United rising?
    It’s the same Continenal greed mongers at it again
    No more flying United.will fly southwest Alaska virgin American
    Out United and Delta Done
    While United team are at it take their 200 change fees and let them put it where the sun doesn’t shine

  4. They also downgraded the F meal service, now it has to be 900+ miles for a proper meal. Three things in one swoop. This reeks of desperation on UA’s part after seven consecutive quarters of shortcomings.

  5. Gary: I’m thinking more and more about starting to use miles for points + copay upgrades. The story is this. I’ll be cutting back significantly on travel soon (new baby!), hence will be dropping down to lower tiers of elite status — maybe losing status entirely — at least for a few years. When I travel for work, work will reimburse for economy class only. Of course if I buy a ticket using miles, I can’t get any reimbursement at all. My thought is that, at least for overseas trips, I should let work pay for an economy class ticket, and use my own points and copay to upgrade myself, choosing my carrier carefully to minimize the cost of the upgrade. Does this strategy make sense to you? If so, would love to see a comparative post on the cost of points+copay upgrades to various regions on different airlines, sort of an “if you have to do it, here’s the way to do it…” post.

    Of course, maybe I should just suck it up and fly Y!

  6. While I am all in favor of industry consolidation…
    I believe this is the biggest sacrifice felt in the recent mergers. It is not ticket prices, it is elite recognition. Fewer airlines = more elites per airline. Fewer choices = nowhere to jump ship to. The airlines have realized they can devalue the loyalty programs as much as they want and wont lose business.

  7. Hi Gary

    To burn my miles before the deadline, I called United today to book a ticket from US to North Asia with a stopover in Europe. In the past, as many people did, I had no problem with adding a stopover (and it is allowed in their rule!) but today they told me that if I pass two oceans, now they considered it as a round-the-world trip, so a different price! The agent, after talking to his supervisor, told me that all of the agents were told to be aware of this fare and it is clearly noted in their training. Is there any way you can clarify this? I have a feeling that they are starting early to mess up with our miles…

  8. @Peter D. Lederer and people like him. Credit card companies are PAYING for the so called “Free” miles.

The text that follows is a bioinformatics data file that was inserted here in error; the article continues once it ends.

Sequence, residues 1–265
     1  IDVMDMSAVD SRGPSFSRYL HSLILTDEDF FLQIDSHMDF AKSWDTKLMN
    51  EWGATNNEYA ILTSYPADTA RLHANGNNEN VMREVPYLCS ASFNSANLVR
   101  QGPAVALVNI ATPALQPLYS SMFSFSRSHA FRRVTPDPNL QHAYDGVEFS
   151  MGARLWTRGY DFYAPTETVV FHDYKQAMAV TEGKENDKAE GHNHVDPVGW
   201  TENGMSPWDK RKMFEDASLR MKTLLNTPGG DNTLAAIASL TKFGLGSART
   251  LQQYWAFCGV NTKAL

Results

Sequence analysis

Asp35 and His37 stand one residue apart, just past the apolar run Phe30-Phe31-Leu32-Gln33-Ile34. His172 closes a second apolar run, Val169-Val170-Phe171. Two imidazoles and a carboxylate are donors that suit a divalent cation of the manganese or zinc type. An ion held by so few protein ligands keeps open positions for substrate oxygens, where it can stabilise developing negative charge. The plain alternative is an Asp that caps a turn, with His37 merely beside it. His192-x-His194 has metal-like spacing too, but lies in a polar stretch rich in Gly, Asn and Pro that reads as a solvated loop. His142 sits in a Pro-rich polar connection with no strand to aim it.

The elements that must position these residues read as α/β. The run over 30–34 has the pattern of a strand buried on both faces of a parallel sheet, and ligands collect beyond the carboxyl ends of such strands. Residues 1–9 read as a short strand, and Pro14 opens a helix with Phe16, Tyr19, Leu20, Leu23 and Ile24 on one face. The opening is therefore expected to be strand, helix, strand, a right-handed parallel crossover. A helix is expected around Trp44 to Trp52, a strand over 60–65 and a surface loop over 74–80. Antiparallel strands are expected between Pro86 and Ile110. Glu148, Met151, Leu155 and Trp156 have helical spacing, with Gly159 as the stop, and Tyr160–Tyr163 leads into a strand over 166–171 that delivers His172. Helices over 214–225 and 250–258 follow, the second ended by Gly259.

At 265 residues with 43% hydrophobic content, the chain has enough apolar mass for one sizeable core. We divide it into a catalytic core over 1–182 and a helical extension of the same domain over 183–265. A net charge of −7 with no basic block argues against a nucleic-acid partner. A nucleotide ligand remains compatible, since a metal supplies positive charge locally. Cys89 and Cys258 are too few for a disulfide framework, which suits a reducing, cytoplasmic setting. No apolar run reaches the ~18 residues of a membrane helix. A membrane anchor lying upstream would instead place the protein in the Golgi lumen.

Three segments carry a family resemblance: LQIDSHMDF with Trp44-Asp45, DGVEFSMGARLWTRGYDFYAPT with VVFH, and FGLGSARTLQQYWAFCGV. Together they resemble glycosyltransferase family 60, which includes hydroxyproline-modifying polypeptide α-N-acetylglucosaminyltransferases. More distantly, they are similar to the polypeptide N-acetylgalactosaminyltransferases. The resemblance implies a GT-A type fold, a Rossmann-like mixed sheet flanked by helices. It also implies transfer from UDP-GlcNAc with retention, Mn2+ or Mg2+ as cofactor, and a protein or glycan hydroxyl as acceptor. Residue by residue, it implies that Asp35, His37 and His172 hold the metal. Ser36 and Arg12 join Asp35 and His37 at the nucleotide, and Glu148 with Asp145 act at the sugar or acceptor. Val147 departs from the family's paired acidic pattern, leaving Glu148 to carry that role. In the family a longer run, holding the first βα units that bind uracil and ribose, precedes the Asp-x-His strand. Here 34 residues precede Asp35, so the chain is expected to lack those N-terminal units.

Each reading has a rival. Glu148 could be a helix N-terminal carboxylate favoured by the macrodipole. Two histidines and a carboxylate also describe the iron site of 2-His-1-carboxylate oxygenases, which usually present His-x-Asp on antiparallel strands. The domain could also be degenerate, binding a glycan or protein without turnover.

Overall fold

@Dwondermeant. I loved Continental. 75K put you at top tier. B fares cost to ERW-HKG cost only $500 more and one flight would earn about 24,000 elite miles. Platinum earn 2x miles. Stewardess were friendly. airplane clean. Cashews were unbroken. Food was served in coach. Jeff Smisek became President, he immediately took away food in coach and was starting to distroy Continental, until he moved on to distroy United AND Continental. Don’t blame continental, blame Smizek.

    @United. You are stupid because: (1) The Kettles don’t care about FF value and elite benifits. Why, because they don’t fly much. Frequent flyers care. The move to re-aline the FF program will have an immediate negative impact. Take that to the bank. (2) Wait, you cannot go the bank any more, because you are damaging your relationship with Chase by selling miles to them, then devaling the miles. (3) Also, your frontal assault against the the Star Alliance, with have serious negative reprecussions. The rational flyer will book away from United, unless United offers a significant discount. Plus, the alliance will respond in kind. Take that to the bank (if you find another bank.

  9. It’s actually been 4 strikes in 3 days:
    1) Miles devaluation
    2) No meal service in F on flights < 900 miles
    3) Removing upgrade searches on ExpertFlyer
    4) Changes to upgrade policy (RPU, W-fare, etc.)

    In all, in three days, the airline where I've dedicated the majority of my business in the last 9 years (as a 1k+ flyer) has gone from one of the best to one of the worst.

    dAArkSide…I'm ready!

  10. @MrWho. I started to respond to your comment. Then I thought, WTH, why should I waste my time. I suggest you go to the top of a mountain and meditate on it. In about 30 years, it just might come to you. I have also heard that eating beans helps improve intelligence. Maybe you try it.